Focus on cash flow needs today and get that covered ASAP. I still have a Post-It Note stuck above my desk from my early years that reads, "3 IDEAS to increase income $20 and decrease expenses $20." Do this once a month, especially when looking at the credit card bill. Those $40 gaps in the beginning make a big difference over time. I had another one, long gone now, that said, "$100 net income per month." Every month my goal was to increase my net by at least $100. If I did $150, I did not get $50 credit for next month. If I missed my goal that month, I owed it the next month. Once you meet your monthly nut, every other dollar is an extra point you don't need to win. You've already won and now you're in bragging rights territory. 

Focus 1/2 to at least 1 day a week on actively building a private money network. This is what really allowed me to grow my business beyond my yearly goals year after year. With good private money lenders at your back, what you can accomplish will surpass even your craziest dreams. Several years ago I wrote down some wild goals that I thought I'd surely disappoint myself with by December, but by June I was rewriting them because I had knocked 7 of my 10 out already all because of one private lender. 

Every December spend some serious time thinking, really thinking about what you want to accomplish over the next 12 months. Put these on paper. I put these on a big white board directly above my desk. I have several paper copies as well. I keep one next to my bed and try to look at it before I go to sleep and once I wake up. I keep another tacked to the wall above the toilet paper in the master bath. As my good friend likes to say, "When I'm stinking, I'm thinking." I have my goals numbered and at the right side of the page a line I can write the date on that I complete the goal. 

I could go on and on, but these are some of the habits I picked up along the way which I had in the beginning.

@Aaron Mazzrillo Hi Aaron, I really appreciated the input you gave regarding what to avoid and how to succeed. As a fellow Californian, I'm sure you're aware of the current local housing markets, and how difficult they can be to get into if you don't have quite a bit of capital up front, or someone you know who does. Is there any specific reasons or bad experiences you've had investing out of state? Thank you so much for your time!

-Ryan

Originally posted by @Ryan Mattson :

@Aaron Mazzrillo Hi Aaron, I really appreciated the input you gave regarding what to avoid and how to succeed. As a fellow Californian, I'm sure you're aware of the current local housing markets, and how difficult they can be to get into if you don't have quite a bit of capital up front, or someone you know who does. Is there any specific reasons or bad experiences you've had investing out of state? Thank you so much for your time!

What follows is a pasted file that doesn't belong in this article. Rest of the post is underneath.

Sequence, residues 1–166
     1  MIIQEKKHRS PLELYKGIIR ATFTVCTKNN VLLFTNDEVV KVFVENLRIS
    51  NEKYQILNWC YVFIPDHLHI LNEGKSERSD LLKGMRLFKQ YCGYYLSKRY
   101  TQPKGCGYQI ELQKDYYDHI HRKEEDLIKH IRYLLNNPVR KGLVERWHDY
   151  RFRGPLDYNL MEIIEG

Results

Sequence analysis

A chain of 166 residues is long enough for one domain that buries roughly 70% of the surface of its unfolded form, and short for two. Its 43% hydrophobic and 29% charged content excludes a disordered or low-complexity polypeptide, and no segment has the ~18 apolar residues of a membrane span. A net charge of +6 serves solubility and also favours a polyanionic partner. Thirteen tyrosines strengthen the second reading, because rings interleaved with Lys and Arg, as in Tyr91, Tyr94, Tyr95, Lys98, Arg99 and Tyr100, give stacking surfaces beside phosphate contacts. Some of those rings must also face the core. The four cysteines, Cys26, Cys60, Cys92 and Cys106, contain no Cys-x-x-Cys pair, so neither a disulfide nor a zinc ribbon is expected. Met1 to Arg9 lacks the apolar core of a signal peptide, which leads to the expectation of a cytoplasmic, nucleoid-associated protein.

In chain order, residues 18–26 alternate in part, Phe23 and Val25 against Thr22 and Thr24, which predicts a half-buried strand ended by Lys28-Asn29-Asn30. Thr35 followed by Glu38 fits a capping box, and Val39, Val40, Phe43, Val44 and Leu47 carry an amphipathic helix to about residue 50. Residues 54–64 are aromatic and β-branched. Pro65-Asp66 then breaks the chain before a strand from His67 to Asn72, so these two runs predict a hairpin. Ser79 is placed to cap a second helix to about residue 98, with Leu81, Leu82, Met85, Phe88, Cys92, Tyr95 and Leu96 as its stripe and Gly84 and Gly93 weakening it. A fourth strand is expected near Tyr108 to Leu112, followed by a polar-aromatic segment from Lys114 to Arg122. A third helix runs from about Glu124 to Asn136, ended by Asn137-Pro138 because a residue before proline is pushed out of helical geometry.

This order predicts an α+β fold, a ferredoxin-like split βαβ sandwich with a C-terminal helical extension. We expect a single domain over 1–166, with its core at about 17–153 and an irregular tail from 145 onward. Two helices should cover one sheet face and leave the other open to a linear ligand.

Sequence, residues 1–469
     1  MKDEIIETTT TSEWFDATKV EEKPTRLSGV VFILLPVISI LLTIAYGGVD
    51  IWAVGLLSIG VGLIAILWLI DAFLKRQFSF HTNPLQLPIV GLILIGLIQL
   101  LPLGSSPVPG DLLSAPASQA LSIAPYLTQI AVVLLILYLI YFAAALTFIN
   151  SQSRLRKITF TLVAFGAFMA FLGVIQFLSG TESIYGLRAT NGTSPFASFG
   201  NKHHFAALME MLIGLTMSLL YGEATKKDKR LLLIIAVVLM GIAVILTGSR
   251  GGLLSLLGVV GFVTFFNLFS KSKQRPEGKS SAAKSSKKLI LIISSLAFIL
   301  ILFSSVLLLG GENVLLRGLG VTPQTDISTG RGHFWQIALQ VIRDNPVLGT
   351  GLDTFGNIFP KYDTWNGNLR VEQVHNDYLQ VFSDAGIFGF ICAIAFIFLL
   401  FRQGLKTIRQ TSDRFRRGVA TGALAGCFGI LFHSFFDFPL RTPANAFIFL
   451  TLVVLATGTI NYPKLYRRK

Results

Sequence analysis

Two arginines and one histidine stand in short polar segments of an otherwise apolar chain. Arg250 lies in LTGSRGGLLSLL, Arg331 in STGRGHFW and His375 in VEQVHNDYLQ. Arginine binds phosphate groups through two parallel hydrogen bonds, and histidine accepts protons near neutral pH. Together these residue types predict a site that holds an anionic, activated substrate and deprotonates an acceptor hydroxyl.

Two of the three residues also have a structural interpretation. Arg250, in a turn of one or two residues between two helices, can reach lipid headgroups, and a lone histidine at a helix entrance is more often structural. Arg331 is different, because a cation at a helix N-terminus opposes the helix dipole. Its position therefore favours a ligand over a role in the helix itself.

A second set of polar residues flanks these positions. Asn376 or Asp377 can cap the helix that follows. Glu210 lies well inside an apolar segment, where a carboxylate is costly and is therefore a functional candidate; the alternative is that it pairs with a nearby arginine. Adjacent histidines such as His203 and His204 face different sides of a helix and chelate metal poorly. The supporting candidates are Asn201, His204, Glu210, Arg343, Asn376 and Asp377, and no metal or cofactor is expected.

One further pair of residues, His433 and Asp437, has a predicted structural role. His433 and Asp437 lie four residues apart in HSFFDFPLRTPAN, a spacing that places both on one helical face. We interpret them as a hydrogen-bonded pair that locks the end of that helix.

-Ryan

 You may think you have all the control, but the only control you have with out of state investments is writing the checks while other people spend your money. And they will spend the heck out of your checkbook. All of it was and is a nuisance and a hassle. Even in markets where the properties appreciated well, I have to rely 100% on local brokers to sell my properties and I've yet to meet anyone with a real estate license that knows diddly squat about marketing. Just this past summer one of my houses in Austin, Round Rock specifically, went vacant. I wanted to sell it. I dumped a few grand into "fixing it up" according to the broker's opinion of what needed to be done. It sat on the market with little to no showings in a supposedly hot market. Now it has another tenant which cost me a hefty leasing fee, and my $150K+ in equity is rotting away. Years of cash flow blown by months of vacancy and unnecessary improvements, which will probably be ruined by tenants. 

I can buy a wholesale deal here in California, and have 100% control. I can keep costs down. I have a broker's license and a deep marketing background. When I put one of my properties on the market, it actually sells. I can analyze property here quickly and efficiently. I know what a 2/1 and 3/1 will rent for in my target neighborhoods. If a cold call comes in, I can give that seller a verbal offer right over the phone within 10 minutes and I've purchased dozens and dozens of houses this way. No way you're doing that with something in another state.